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Justin Bieber’s cancelled meet-and-greets leave a lot of money on the table
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Lots of people took to Twitter today with #WeAreHereForYouJustin.
As in, Justin Bieber.
The pop star canceled pricey post-concert meet-and-greets with fans, which were part of VIP ticket packages sold on his tour, costing as much as $2,000.
In an online posting, Bieber said the meet-and-greets were wearing him out.
“I end up feeling so drained and filled with so much of other people’s spiritual energy that I end up so drained and unhappy,” the post said, “Want to make people smile and happy but not at my expense and I always leave feeling mentally and emotionally exhausted to the point of depression.”
Bieber’s cancellation means potentially leaving big money on the table. Concert tours are a main source of income for musicians, and add-ons such as meet-and-greets are part of the business strategy.
Ralph Jaccodine, an artist promoter with his own firm, has been to a Justin Bieber meet-and-greet with his his teenage daughter.
“It seemed like maybe a thousand people or so. It was a line that took hours,” Jaccodine said, adding that the most important element of Bieber’s meet-and-greet was that you had to go online afterwards to retrieve your photo with him. “Because then somebody aggregates a lot of email names,” he said.
Collecting email addresses from fans is a strategy Jaccodine employs with his artists, as well. He uses emails sent directly to fans who’ve signed up at concerts for crowd funding appeals. “One of my artists has 15,000 people on his email list,” he said. “Our last two campaigns we raised over a $100,000.”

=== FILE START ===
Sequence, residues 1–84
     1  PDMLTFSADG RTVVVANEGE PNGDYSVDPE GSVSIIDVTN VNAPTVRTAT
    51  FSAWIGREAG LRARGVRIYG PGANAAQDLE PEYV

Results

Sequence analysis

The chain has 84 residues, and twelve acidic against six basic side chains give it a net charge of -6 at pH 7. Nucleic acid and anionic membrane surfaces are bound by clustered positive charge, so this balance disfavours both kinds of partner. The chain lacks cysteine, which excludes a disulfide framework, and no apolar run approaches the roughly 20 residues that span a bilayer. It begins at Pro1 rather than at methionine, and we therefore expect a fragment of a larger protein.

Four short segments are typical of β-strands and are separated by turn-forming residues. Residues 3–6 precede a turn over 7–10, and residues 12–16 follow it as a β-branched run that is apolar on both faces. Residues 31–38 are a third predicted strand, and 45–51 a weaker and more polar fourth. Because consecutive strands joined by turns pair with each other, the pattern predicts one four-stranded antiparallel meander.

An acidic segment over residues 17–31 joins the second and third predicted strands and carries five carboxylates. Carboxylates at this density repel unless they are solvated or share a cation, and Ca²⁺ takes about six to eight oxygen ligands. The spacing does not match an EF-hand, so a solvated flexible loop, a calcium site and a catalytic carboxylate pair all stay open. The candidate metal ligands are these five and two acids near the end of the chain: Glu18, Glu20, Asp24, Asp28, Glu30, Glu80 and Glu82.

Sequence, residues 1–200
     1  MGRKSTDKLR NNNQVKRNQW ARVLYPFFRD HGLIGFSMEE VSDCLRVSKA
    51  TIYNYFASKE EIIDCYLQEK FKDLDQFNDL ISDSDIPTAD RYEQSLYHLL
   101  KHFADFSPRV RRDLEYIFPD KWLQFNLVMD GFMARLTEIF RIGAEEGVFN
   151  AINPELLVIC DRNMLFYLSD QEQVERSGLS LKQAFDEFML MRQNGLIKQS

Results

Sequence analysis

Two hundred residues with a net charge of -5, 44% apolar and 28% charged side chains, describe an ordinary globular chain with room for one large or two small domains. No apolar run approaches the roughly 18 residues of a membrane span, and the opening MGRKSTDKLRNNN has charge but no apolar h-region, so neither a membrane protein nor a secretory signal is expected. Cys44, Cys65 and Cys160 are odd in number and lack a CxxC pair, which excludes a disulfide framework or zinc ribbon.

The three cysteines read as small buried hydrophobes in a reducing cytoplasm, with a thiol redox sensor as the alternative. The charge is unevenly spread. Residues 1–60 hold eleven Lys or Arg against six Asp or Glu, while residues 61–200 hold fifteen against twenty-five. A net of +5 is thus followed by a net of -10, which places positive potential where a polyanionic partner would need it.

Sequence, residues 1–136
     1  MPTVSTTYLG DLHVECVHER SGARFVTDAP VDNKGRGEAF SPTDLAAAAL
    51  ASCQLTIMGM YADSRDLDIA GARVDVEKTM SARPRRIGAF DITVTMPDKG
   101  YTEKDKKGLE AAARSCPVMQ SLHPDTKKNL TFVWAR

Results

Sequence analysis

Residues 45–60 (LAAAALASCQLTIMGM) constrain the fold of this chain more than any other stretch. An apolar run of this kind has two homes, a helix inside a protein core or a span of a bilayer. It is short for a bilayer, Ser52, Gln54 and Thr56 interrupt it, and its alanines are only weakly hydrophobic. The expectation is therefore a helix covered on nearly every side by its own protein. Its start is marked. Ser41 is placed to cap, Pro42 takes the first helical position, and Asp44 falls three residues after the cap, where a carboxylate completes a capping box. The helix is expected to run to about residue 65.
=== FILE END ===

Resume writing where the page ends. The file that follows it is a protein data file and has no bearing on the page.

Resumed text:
This kind of direct contact is essential to building an artist’s brand, said Fabrice Sergent, the CEO of the concert discovery app Bandsintown. “Artists [have] to create and strengthen their relationship with their fans,” he said, “and directly reach out” without the aid of a major label.
It doesn’t hurt that meet-and-greets and other sideshows at concerts are lucrative. “It’s very common to do this, for both the artist and the promoter to depend on ancillaries as a major revenue stream,” said Jeff Dorenfeld, professor of music business and management at the Berklee College of Music in Boston.
Artists have gone beyond merchandizing, such as t-shirts, hats and CDs, are now offering extras such as “the soundcheck ticket… go backstage and meet someone in the band, or whatever,” said Dorenfeld. “There’s all kinds of packages that go with a concert.”
It can all add up to a nice little bump on top of the main source of revenue, which is the concert itself, he said.
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